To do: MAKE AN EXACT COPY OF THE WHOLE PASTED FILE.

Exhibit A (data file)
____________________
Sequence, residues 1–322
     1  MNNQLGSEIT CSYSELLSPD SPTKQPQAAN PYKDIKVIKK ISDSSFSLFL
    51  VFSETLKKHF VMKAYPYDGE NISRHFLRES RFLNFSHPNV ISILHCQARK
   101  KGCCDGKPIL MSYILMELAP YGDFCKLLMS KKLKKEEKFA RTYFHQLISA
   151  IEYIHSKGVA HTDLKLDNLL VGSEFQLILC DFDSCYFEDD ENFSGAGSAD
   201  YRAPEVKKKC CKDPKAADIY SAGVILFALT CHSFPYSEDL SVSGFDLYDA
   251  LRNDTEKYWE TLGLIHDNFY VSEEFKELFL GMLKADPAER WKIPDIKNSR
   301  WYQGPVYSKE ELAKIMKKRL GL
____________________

Sequence, residues 1–322
     1  MNNQLGSEIT CSYSELLSPD SPTKQPQAAN PYKDIKVIKK ISDSSFSLFL
    51  VFSETLKKHF VMKAYPYDGE NISRHFLRES RFLNFSHPNV ISILHCQARK
   101  KGCCDGKPIL MSYILMELAP YGDFCKLLMS KKLKKEEKFA RTYFHQLISA
   151  IEYIHSKGVA HTDLKLDNLL VGSEFQLILC DFDSCYFEDD ENFSGAGSAD
   201  YRAPEVKKKC CKDPKAADIY SAGVILFALT CHSFPYSEDL SVSGFDLYDA
   251  LRNDTEKYWE TLGLIHDNFY VSEEFKELFL GMLKADPAER WKIPDIKNSR
   301  WYQGPVYSKE ELAKIMKKRL GL